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For Release: July 22, 2002
A trial program permitting interdistrict public school choice in New Jersey is benefiting students, schools and communities where it has been implemented, according to the second annual report for the Interdistrict Public School Choice Program.
The recently released report summarizes the first two years of the program and, as required by law, includes recommendations that the program be continued and modified. The Legislature adopted the Interdistrict Public School Choice Program Act of 1999 to give public school students and their families a way to attend public school in a community other than the one in which they live, free of charge.
The pilot was launched in 2000-01 by 10 districts. Thirteen school districts are expected to participate in the program in the 2002-03 school year. The pilot program will expire in June 2005 unless reauthorized by the Legislature.
"The school choice program has been effective in increasing educational opportunities for students and parents in the communities surrounding choice districts," said Commissioner of Education William L. Librera. "Overall, the program has been successful and there is increasing interest statewide in expanding the program.
"While the school choice program has given some students and parents a public school choice, there are many more that would like to have a similar choice," Commissioner Librera said.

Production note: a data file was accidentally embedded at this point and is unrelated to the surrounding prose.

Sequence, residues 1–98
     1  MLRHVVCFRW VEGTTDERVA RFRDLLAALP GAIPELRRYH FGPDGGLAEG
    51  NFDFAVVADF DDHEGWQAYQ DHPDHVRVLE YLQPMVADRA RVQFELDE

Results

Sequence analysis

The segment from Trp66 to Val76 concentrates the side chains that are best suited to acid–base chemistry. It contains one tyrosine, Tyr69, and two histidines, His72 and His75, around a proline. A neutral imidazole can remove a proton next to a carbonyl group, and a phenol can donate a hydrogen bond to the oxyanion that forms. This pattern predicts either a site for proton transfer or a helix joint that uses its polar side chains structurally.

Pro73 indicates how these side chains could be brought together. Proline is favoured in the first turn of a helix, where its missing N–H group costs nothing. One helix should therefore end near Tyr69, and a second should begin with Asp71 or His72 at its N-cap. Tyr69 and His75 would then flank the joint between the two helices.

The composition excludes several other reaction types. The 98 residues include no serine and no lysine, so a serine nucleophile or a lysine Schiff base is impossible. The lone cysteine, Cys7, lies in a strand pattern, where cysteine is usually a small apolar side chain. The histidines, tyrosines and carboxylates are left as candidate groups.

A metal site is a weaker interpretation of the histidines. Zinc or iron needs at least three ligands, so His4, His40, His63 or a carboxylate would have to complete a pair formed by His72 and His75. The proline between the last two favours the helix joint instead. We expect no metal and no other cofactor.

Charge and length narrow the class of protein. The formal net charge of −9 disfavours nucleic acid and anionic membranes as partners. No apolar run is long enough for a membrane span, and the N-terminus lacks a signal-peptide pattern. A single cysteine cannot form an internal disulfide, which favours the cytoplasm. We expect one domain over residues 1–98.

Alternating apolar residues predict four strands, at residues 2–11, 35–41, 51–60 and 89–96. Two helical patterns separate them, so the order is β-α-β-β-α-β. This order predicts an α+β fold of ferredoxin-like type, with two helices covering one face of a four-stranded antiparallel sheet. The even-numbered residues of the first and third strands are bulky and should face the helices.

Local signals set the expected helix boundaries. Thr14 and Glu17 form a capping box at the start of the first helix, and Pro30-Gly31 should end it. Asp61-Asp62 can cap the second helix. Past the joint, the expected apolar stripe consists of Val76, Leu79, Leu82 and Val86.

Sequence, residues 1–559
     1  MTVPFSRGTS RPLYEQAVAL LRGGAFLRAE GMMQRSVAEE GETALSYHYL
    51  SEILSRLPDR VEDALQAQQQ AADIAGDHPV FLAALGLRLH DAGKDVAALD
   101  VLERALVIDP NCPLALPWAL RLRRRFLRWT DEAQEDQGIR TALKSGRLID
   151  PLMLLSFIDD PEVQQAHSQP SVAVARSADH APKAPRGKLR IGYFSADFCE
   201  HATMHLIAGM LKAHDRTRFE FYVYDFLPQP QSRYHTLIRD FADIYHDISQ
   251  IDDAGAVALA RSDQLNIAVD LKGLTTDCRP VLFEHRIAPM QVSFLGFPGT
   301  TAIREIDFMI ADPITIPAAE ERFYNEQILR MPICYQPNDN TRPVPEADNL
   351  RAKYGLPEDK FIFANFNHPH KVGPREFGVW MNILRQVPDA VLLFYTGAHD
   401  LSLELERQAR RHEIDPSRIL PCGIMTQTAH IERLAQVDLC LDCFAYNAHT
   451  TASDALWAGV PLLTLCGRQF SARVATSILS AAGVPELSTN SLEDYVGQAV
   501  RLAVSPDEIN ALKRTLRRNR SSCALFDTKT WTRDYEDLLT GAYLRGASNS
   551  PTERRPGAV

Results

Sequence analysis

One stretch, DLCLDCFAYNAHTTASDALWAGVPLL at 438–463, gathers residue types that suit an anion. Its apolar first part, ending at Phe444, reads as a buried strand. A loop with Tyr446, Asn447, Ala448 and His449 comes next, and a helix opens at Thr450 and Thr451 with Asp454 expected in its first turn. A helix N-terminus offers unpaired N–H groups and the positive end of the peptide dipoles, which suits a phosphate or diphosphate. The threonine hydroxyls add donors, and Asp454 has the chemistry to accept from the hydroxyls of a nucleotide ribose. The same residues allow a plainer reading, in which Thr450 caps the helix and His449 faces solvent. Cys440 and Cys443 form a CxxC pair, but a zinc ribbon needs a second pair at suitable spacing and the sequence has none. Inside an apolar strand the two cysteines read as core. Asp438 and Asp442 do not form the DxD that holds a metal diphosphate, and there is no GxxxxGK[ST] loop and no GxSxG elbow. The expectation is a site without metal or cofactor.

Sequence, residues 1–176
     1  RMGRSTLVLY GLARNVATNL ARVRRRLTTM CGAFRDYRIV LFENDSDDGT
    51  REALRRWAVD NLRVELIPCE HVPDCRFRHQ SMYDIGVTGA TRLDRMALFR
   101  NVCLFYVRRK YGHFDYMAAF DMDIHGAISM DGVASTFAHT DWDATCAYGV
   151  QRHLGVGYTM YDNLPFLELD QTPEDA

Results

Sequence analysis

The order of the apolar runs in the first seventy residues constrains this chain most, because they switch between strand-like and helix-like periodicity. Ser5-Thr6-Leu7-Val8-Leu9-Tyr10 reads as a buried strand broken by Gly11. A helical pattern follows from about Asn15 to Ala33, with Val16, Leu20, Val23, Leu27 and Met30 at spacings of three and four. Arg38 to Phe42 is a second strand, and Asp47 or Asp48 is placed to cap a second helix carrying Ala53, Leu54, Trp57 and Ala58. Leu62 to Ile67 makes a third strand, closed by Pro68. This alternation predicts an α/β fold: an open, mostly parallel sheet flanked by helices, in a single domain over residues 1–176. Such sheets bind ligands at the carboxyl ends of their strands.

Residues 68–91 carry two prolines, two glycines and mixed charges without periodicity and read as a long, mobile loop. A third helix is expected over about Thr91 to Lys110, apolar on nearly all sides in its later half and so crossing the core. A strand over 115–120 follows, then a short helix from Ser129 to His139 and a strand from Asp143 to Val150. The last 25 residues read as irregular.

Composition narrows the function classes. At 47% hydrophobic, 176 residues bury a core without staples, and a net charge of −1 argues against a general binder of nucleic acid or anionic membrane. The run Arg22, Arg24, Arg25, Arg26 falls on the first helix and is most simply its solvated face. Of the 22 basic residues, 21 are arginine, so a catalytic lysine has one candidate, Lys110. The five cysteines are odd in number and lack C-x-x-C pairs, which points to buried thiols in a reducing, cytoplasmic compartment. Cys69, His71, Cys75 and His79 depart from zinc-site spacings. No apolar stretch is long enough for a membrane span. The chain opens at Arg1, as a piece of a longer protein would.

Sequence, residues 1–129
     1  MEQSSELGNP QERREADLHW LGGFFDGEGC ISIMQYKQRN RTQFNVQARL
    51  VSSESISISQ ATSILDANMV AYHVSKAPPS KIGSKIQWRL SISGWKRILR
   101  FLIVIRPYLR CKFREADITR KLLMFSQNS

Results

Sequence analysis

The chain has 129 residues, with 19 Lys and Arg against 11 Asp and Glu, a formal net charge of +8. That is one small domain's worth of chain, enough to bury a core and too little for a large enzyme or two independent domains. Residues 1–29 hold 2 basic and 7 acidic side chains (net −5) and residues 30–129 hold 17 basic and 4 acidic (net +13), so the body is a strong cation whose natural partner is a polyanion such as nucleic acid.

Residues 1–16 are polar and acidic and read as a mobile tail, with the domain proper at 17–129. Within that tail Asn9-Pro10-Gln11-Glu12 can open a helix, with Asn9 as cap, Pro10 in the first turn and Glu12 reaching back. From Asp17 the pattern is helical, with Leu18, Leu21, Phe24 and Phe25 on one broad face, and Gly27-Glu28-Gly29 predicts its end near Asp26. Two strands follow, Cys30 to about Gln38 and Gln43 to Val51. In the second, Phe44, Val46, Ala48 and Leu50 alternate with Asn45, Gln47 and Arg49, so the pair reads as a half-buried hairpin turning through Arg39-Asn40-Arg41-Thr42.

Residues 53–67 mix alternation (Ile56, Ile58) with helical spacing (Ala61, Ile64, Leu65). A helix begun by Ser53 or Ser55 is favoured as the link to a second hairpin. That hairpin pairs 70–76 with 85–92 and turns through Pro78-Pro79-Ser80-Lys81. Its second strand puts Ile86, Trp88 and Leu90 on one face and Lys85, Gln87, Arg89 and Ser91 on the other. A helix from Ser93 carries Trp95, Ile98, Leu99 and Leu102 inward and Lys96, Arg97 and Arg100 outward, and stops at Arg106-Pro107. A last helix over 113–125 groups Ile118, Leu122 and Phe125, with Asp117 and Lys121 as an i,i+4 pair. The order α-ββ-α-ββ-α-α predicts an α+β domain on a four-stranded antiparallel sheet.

Student participants doubled in the second year of the Interdistrict Public School Choice Pilot Program to 189, up from 94 students in the first year. The Department of Education expects another 206 students to join the program this year, for a total of 489 participating students.
School districts participating in the school choice program report that participation in the program has helped them to improve or increase program offerings, reduce class size, lower the lower property tax burden, hire teachers and purchase technology equipment.
The Joint Committee on the Public Schools is required by statute to commission an independent study of the first two years of the school choice program and then issue a report based on the study and the Commissioners annual reports. The Joint Committees report, scheduled to be issued in January 2003, is expected to contain recommendations on the future of the school choice program.
NOTE: To access the report on the Department of Educations Web site, use the following link: